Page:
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I'm writing an Rcpp module an would like to return as one element of the RcppResultSet list a list whose elements are vectors. E.g., .Call("myfunc")$foo should be something like:

[1] 1

[1] 1 1

[1] 1 1 1

(the exact numbers are not important here). The issue is that I don't know the right Rcpp way of doing this. I tried passing a vector<vector<int> > but this constructs a matrix by silently taking the length of the first vector as the width (even if the matrix is ragged!). I've tried constructing an RcppList but have a hard time casting various objects (like RcppVector) safely into SEXPs.

Anyone have tips on best practices for dealing with complicated structures such as lists of vectors in Rcpp?

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up vote 28 down vote accepted

[ Nice to see this here but Romain and I generally recommend the rccp-devel list for question. Please post there going forward as the project is not yet that large it warrants to have questions scattered all over the web. ]

RcppResultSet is part of the older classic API whereas a lot of work has gone into what we call the new API (starting with the 0.7.* releases). Have a look at the current Rcpp page on CRAN and the list of vignettes -- six and counting.

With new API you would return something like

return Rcpp::List::create(Rcpp::Named("vec") = someVector,
                          Rcpp::Named("lst") = someList,
                          Rcpp::Named("vec2") = someOtherVector);

all in one statement (and possibly using explicit Rcpp::wrap() calls), creating what in R would be

list(vec=someVector, lst=someList, vec2=someOtherVector)

And Rcpp::List should also be able to do lists of lists of lists... though I am not sure we have unit tests for this --- but there are numerous examples in the 500+ unit tests.

As it happens, I spent the last few days converting a lot of RQuantLib code from the classic API to the new API. This will probably get released once we get version 0.8.3 of Rcpp out (hopefully in a few days). In the meantime, you can look at the RQuantLib SVN archive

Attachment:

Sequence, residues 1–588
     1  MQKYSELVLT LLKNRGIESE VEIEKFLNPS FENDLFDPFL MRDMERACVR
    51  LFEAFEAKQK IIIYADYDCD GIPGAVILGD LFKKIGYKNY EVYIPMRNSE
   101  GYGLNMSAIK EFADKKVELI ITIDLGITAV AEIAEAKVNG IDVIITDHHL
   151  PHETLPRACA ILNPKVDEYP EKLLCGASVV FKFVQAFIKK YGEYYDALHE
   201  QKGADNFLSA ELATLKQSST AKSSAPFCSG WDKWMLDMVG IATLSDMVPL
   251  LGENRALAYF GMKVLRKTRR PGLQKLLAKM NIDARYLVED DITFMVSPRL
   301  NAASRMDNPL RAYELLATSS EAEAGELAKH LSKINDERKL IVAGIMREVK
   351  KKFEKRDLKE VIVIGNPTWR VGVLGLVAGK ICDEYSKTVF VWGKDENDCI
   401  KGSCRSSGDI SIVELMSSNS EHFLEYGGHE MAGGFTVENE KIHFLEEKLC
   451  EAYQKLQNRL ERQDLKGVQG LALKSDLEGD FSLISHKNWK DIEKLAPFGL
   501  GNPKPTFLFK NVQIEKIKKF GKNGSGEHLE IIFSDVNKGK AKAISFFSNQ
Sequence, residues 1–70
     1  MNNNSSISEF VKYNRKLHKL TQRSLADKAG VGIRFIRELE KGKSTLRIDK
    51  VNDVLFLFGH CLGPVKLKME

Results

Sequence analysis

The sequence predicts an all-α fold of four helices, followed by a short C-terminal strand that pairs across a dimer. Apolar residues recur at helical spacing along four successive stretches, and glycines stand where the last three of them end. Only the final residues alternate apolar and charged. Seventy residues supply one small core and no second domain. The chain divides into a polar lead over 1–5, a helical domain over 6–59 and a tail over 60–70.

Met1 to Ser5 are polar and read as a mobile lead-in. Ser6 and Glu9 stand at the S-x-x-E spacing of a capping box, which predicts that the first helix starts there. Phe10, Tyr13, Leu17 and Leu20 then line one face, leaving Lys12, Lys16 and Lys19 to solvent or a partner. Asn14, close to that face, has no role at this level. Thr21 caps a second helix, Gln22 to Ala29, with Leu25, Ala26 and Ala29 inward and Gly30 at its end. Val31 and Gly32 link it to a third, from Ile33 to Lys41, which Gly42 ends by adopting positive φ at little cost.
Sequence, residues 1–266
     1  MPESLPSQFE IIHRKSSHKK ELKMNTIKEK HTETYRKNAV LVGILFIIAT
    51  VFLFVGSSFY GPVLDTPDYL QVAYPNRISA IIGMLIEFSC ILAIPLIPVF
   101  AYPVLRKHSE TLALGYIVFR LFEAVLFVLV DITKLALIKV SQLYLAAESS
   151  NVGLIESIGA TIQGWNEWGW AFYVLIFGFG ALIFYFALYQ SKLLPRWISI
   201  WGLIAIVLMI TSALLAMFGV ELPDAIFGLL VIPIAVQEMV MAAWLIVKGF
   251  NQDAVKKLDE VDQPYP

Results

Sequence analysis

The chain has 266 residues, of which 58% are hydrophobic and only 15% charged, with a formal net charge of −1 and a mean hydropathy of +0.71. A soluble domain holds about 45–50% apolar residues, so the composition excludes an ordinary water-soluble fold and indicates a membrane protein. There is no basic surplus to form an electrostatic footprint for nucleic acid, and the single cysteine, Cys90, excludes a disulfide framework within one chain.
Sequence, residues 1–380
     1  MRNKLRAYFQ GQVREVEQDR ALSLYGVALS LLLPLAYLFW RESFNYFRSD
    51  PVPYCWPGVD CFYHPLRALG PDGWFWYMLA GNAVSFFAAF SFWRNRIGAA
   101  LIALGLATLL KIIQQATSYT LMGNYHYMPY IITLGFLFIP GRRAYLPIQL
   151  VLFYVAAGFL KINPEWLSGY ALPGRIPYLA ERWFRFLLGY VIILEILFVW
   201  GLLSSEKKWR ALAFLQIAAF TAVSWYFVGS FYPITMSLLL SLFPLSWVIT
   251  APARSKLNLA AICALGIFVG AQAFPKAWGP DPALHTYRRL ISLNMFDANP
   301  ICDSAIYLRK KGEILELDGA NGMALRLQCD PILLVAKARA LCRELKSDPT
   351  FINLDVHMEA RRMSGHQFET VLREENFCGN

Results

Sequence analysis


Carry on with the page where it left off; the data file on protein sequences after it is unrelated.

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Cool, thanks! Everything works if you stick to the new Rcpp::... classes! – Jonathan Chang Jun 21 '10 at 22:58
Cool indeed. I still need to cook up new classes Rcpp::Date and Rcpp::Datetime --- but you can definitely live without the old RcppParams, RcppResultSet, RcppVector, ... etc. Feel free to contribute new unit tests or examples, or additions to the docs. See you on rcpp-devel then :) – Dirk Eddelbuettel Jun 22 '10 at 0:04
You makes my life easier. Although it's been a few days since I learned Rcpp but I can't imagine going back to combo of R & C. – Tae-Sung Shin Oct 13 '12 at 18:30
Glad to be of help. Hope to see you over on rcpp-devel if you have questions. – Dirk Eddelbuettel Oct 13 '12 at 18:34

I would tend to use a compressed variation of Dirk's solution:

using namespace Rcpp ;
return List::create( 
   _["vec"]  = someVector, 
   _["lst"]  = someList, 
   _["vec2"] = someOtherVector
 ) ;

Also, to come back to the original question, vector< vector<int> > should wrap itself to a list of integer vectors, not a matrix. See:

require( Rcpp )
require( inline )
require( RUnit )

fx <- cxxfunction( , '

    std::vector< std::vector<int> > v ;

    std::vector<int> x1(1) ; v.push_back( x1 );
    std::vector<int> x2(2) ; v.push_back( x2 );
    std::vector<int> x3(3) ; v.push_back( x3 );

    return wrap( v ) ;

', plugin = "Rcpp" ) 

I get :

> fx() 

[1] 0

[1] 0 0

[1] 0 0 0
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